Before retiring, Stout-Brown shared some favorite memories and her second-act plans, which include selling real estate.

How did your social work degree help prepare you for relating to alumni?

When I came to VCU, I was a suburbanite who grew up in conservative, homogenous Chesterfield County, Virginia. The School of Social Work and VCU taught me that the world is incredibly multicultural. It viewed others with an open and accepting mind, something I value highly. I felt like I was finally in an environment where I belonged.

Tell us how you transitioned from working at nonprofits into alumni engagement.

My field placement in the School of Social Work was with the Voluntary Action Center at the United Way, where I placed volunteers in a variety of service agencies. It led the way to other positions in nonprofits working with volunteers.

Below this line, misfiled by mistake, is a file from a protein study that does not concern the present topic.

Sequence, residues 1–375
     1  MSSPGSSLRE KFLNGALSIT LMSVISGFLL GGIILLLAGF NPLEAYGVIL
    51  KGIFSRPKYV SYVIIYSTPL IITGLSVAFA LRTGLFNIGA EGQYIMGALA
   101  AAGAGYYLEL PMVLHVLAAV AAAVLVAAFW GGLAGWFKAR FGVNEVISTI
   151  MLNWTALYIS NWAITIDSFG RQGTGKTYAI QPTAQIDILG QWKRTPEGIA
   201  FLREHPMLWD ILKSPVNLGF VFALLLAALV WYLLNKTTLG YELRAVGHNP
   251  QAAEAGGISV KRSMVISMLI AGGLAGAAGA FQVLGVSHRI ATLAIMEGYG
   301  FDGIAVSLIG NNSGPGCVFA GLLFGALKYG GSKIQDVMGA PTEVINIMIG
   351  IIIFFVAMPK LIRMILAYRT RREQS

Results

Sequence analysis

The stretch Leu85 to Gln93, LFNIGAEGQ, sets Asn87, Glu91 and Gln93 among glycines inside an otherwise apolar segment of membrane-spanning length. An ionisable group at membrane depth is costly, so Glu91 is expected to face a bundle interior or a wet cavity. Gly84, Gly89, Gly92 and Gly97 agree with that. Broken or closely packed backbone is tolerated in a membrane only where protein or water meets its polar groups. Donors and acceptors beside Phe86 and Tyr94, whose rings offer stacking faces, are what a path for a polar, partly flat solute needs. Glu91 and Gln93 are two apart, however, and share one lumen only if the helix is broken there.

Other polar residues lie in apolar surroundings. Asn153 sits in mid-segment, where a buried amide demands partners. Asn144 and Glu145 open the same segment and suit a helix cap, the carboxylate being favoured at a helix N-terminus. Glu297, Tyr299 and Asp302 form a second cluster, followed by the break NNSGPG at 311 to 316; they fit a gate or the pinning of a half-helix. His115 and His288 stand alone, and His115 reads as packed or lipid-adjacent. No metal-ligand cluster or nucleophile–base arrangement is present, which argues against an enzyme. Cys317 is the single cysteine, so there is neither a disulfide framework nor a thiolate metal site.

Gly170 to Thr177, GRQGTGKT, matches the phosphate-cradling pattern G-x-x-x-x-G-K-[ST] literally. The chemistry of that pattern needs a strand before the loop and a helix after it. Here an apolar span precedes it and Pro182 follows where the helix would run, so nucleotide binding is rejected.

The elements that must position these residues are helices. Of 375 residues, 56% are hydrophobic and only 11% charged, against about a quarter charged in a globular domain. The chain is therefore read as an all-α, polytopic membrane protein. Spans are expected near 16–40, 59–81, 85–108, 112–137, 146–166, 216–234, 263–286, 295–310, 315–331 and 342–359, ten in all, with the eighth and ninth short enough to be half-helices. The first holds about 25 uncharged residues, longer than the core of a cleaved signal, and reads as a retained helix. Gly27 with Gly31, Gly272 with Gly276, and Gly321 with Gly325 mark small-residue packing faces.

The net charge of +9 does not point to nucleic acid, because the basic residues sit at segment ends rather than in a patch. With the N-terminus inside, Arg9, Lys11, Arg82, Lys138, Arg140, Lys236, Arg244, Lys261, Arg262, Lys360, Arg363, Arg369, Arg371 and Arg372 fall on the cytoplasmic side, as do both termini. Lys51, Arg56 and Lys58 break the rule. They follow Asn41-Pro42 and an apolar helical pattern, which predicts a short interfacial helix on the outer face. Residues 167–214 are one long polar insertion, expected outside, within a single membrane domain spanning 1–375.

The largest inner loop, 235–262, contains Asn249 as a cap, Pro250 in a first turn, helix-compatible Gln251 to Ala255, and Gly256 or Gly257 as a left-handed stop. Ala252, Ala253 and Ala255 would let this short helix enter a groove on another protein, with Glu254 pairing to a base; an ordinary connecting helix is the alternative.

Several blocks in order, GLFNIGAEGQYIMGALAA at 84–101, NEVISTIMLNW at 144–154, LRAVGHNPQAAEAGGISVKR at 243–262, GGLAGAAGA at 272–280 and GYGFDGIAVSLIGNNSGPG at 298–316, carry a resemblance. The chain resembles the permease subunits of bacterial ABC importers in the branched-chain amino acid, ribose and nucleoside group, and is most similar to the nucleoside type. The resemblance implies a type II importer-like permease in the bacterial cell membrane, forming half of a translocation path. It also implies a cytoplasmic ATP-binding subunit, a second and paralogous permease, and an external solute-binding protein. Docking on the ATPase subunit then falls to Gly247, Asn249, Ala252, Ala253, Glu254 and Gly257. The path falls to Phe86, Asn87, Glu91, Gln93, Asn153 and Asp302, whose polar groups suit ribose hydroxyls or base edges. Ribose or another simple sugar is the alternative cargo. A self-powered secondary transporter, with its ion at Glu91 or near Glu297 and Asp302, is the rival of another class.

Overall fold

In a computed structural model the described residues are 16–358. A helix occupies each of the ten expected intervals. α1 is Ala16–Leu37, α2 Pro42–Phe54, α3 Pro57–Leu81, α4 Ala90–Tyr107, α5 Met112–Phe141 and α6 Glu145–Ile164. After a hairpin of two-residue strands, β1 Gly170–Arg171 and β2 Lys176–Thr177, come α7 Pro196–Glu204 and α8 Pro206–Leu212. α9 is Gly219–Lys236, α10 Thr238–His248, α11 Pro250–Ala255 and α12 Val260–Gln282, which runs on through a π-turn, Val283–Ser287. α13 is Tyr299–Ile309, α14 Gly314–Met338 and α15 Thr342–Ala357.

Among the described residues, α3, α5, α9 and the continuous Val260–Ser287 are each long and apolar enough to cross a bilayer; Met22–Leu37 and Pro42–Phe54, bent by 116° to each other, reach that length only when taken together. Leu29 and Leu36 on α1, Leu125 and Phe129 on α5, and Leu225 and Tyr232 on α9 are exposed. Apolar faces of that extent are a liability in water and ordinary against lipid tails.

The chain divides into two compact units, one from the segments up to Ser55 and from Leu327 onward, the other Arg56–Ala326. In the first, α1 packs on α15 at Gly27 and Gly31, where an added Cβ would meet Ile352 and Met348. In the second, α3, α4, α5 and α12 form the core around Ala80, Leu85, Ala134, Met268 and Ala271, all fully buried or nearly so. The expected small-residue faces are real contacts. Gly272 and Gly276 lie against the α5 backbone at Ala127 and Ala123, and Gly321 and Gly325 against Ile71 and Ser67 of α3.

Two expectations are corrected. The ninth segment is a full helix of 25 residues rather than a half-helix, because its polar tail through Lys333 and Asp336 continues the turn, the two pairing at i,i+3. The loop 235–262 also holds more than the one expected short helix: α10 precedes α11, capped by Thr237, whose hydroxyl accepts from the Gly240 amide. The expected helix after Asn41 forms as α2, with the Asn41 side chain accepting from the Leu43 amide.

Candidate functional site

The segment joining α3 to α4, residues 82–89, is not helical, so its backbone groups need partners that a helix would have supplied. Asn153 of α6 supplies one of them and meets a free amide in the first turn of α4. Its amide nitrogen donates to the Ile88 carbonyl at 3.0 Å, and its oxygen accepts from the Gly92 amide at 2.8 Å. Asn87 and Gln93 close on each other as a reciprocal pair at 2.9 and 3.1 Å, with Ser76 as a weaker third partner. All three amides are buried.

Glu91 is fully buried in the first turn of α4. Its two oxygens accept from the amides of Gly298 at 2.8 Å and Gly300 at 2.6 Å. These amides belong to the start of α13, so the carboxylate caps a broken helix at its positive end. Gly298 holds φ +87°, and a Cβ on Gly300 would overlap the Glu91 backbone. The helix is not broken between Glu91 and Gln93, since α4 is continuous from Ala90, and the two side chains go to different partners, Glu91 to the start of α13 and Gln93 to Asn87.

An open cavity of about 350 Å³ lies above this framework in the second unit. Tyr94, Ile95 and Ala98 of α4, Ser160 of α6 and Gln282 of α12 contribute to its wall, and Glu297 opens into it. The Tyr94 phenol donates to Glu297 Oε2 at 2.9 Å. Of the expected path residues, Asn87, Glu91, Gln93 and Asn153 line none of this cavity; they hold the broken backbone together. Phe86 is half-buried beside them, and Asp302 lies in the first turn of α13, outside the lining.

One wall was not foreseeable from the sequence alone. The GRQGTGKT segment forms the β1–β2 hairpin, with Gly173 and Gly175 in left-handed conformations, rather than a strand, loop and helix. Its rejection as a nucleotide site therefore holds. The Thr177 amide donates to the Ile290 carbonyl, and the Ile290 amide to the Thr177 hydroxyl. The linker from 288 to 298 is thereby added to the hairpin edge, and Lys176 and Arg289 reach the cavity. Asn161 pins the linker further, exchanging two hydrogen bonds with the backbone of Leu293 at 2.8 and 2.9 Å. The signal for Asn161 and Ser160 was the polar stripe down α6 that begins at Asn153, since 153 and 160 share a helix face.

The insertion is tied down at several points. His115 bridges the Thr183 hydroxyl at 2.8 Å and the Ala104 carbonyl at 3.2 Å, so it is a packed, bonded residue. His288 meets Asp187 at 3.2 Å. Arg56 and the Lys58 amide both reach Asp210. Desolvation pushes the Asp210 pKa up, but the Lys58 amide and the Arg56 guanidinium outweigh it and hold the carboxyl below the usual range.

I worked with a good number of grass-roots volunteer boards for the American Cancer Society and other organizations. I enjoyed working with people who gave their time, talent and resources because of a passion or cause they believed in. I wanted to return to my alma mater because of the diversity and open-minded philosophy. When I started, the VCU Alumni Association was a nonprofit, run by a volunteer board with numerous committees. There were very few programs in place and so I had the opportunity to create some wonderful programs to engage alumni and students.

Tell us about your favorite event/moment and what made it memorable.

There are a lot of special memories. I think the most special ones are the ones where I’ve been absolutely frantic and nervous and then things came together at the end. Alumni Stars has been fantastic over the years. I especially enjoyed the years when we allowed alumni to speak from the heart because it put special meaning into the event. It showed how much of an impact higher education made on someone who went on to use their knowledge and gifts to make the world a better place. It was also fun to connect with our School of the Arts faculty and put together interesting entertainment.

The core of your success would seem to be how deeply you care about all alumni. How did you ensure that Richmond Professional Institute graduates were not overlooked through the years?